Stage 5: How to pay for the things you need to get to market
Our attorney would like me to start this post by reminding everyone that we are not brokers, nor do we give legal advice. The purpose of our advice is simply to get you thinking about the different options available when raising money to get your idea to market. You’re welcome, Tori.
So you have a great idea, it’s got a viable business model, and your implementation and execution plan is set. How do you pay for the things you need to get to market? How much of your company should you expect to give away? Do you have to give away any of your company to get money?
Traditional Investment Capital
We’ll start with the traditional capital raise that most startups go for, which is giving away equity in exchange for cash. There are many different investment vehicles for these types of raises, from early stage startups using SAFEs (Simple Agreement for Future Equity) or Convertible Notes, to late-stage funding rounds with Series A, B, C and on from institutions or private equity firms. If you want a great explanation of what the different vehicles are and how they work, check out Startup Equity Investments published by FundersClub.com. (https://fundersclub.com/learn/guides/understanding-startup-investments/startup-equity-investments/)
If you’re an early stage startup, you need to be prepared to give away more of your company for less money. This is simply because you don’t have proven results yet so you’re a higher risk. At this stage, it’s very important to take as little money as you can because it’s so expensive to raise. The more of your plan you execute on and the better results you can prove, the cheaper your investment raises will be. In other words, you’ll give away less of your company when you have revenue or other tangible results.
That said, this is a great time to revisit your pro forma and make sure that you are only raising capital for things you absolutely cannot get done any other way than to throw money at them. If you’ve got a huge software development staff budget, get creative in finding ways to lower or eliminate that completely by finding great tech co-founders or developers willing to do work in exchange for equity. You have to think outside the box to find new ways of getting done what you need to protect your equity in your company.
To secure investment funding, you need to get good at pitching your idea. Work with a graphic designer to build a pitch deck that is attractive and tells the story about your idea and your journey so far. Make sure you include the data you found during your market research, as well as your “why”. That is, why does this need to exist in the world and why are you the one to do it.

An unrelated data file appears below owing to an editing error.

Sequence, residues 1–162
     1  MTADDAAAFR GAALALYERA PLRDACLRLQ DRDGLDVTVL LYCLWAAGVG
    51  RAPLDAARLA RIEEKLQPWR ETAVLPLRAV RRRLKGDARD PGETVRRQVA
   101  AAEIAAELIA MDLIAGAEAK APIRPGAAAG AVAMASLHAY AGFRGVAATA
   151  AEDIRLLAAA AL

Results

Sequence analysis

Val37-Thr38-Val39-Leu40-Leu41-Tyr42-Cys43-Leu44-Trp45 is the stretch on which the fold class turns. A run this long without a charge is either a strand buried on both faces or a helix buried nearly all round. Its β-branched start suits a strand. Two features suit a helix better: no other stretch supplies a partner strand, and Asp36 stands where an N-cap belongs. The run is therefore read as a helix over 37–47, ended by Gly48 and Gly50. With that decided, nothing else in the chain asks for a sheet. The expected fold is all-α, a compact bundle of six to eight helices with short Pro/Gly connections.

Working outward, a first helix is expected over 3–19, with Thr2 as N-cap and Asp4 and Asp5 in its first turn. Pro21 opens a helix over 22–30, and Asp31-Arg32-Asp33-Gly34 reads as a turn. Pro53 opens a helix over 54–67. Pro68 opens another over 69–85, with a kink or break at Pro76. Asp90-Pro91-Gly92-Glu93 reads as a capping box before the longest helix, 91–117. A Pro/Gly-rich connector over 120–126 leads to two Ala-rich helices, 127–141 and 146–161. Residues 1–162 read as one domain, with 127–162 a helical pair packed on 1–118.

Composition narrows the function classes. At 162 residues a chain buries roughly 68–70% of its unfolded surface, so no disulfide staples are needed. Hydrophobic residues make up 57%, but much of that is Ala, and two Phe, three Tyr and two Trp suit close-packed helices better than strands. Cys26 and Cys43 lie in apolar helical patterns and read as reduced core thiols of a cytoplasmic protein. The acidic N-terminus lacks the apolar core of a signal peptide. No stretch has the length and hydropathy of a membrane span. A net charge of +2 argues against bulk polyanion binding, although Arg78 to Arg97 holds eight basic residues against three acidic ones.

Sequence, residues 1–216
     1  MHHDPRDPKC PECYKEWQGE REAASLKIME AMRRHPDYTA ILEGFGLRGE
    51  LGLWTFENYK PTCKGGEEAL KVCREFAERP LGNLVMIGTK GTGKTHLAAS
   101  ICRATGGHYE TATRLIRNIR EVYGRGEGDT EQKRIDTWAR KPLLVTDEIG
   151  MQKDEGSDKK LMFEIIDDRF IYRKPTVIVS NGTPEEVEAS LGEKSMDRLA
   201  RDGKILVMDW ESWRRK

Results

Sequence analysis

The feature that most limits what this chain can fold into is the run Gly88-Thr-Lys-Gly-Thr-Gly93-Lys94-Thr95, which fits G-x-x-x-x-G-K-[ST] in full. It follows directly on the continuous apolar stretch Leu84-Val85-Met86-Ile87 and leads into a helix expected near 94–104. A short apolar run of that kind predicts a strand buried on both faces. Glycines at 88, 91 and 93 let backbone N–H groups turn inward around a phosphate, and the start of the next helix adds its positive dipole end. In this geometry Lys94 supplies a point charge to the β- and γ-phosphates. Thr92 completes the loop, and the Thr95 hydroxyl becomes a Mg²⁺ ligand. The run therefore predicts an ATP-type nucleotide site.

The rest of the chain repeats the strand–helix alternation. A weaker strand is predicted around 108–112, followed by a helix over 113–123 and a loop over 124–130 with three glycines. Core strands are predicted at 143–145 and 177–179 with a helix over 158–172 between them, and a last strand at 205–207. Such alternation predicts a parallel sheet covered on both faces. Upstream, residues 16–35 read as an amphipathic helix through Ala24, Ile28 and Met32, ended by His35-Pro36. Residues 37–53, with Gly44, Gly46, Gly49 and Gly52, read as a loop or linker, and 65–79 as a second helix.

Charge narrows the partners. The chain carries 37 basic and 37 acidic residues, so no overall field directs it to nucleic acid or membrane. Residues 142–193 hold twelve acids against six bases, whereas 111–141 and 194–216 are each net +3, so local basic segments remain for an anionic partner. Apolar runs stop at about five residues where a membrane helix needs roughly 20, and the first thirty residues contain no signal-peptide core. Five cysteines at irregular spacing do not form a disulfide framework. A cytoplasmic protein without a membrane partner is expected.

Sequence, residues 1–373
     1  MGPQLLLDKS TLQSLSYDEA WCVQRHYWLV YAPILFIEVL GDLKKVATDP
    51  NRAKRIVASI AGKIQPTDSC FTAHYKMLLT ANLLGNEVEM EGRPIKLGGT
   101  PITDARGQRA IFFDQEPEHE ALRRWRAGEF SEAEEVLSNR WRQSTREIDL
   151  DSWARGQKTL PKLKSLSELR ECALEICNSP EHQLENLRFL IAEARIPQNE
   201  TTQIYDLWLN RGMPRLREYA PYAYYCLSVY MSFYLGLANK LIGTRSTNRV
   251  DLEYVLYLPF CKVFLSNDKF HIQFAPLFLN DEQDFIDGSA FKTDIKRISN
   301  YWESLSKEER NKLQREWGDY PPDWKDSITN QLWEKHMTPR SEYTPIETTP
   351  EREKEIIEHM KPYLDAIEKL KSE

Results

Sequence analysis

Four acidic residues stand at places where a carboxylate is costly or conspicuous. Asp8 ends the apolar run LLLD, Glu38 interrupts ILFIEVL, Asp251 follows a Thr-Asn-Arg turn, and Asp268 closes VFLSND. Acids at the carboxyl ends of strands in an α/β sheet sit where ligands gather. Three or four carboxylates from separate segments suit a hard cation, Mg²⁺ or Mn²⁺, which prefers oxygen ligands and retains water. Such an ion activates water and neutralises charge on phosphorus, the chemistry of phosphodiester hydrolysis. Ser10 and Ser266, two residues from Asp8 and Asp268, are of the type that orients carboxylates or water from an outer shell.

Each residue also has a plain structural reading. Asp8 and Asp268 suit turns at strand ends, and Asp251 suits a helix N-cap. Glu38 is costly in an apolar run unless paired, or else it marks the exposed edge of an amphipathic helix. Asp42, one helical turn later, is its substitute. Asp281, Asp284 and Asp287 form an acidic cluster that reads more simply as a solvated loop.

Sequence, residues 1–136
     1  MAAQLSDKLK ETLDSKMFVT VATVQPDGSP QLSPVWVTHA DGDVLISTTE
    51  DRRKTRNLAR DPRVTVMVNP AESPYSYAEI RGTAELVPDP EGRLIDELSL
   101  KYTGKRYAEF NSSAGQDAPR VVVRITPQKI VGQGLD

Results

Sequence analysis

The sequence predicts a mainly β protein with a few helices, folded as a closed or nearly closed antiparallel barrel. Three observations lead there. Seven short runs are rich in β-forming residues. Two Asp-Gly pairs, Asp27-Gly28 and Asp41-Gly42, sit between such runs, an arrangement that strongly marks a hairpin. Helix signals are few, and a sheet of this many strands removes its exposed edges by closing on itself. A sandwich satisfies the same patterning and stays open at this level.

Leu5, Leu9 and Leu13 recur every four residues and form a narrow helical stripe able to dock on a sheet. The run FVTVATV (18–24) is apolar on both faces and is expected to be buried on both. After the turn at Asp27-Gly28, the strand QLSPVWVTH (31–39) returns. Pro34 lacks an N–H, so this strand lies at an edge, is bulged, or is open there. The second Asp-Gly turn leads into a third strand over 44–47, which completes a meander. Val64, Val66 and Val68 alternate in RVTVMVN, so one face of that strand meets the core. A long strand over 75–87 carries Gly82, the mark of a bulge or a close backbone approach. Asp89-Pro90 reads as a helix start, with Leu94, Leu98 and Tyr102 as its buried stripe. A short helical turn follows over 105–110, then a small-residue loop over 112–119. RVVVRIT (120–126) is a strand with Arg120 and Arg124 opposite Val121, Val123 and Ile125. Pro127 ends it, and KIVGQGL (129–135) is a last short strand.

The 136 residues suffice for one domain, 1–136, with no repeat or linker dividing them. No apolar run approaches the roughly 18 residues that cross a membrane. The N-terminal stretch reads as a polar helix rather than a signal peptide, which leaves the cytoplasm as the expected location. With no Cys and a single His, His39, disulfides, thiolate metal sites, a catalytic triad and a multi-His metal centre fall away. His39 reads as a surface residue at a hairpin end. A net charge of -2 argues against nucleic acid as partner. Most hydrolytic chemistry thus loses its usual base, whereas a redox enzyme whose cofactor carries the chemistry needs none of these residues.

Do not overwhelm your audience with text. They won’t read it anyway, or if they do, then they aren’t listening to what you’re saying. Your pitch deck should be just enough to graphically illustrate the points you’re making when you’re delivering the pitch.
Once you’ve got your pitch designed and built, you need to practice it. A LOT. Practice in front of the mirror. Video yourself giving your pitch, then play it back and give yourself notes. Listen to an audio recording of yourself delivering your pitch anytime you’re in your car. You should be able to deliver all of the pieces of your pitch from memory, without needing a ton of notes. You definitely don’t want your pitch to be you reading your pitch deck to your audience. Be warm, engaging and passionate. Make sure your personality and your why comes through in the way you deliver your pitch. It WILL make a difference in how you get funded.
After any pitch, potential investors may have questions. Be prepared to answer any question that might come at you, even the ones you’ve already answered in your pitch.
Get yourself in a “growth mindset” when answering questions. Some investors will ask questions that are about “risk” instead of growth, which can create a sense of you being on the defensive about your idea and the business model. For example, “How do you plan to acquire new customers?” is a growth-oriented question. “What will you do to increase customer retention?” sounds very similar, but it’s a risk-oriented question. Growth mindsets encourage thinking about the future and what’s possible, while risk mindsets encourage scarcity and fear-based thinking. You definitely want your investors to view you as a growth-mindset-thinker, so even if they ask questions that are risk-oriented, answer them with growth answers.
Again, you should practice the Q&A! Work with a friend, colleague, or helpful spouse and have them grill you. Not sure what questions you’ll get asked? Ask an expert! Go to some investment club meetings, watch others pitch, and get familiar with the common (and not-so-common) questions you think might be applicable to what you’re doing. Then PRACTICE the answers you will give, ensuring that they are concise, complete, and framed in a growth mindset.
Alternative Financing Options
There are often other options to get funds into your company. These can be things like Small Business Administration (SBA) or other small business loans, a line of credit through your bank, personal loans or borrowing against personal assets. You should work with your tax accountant and a good attorney to help you understand the implications of the options available in the marketplace, and ensure you choose alternative financing that fits your acceptable level of risk with terms you understand and can comply with.
Keep in mind that your financing may not come before you start working on executing your plan. You may be able to get enough support that you can start working towards getting to market immediately and be pitching and looking at financing options simultaneously. More on that next week!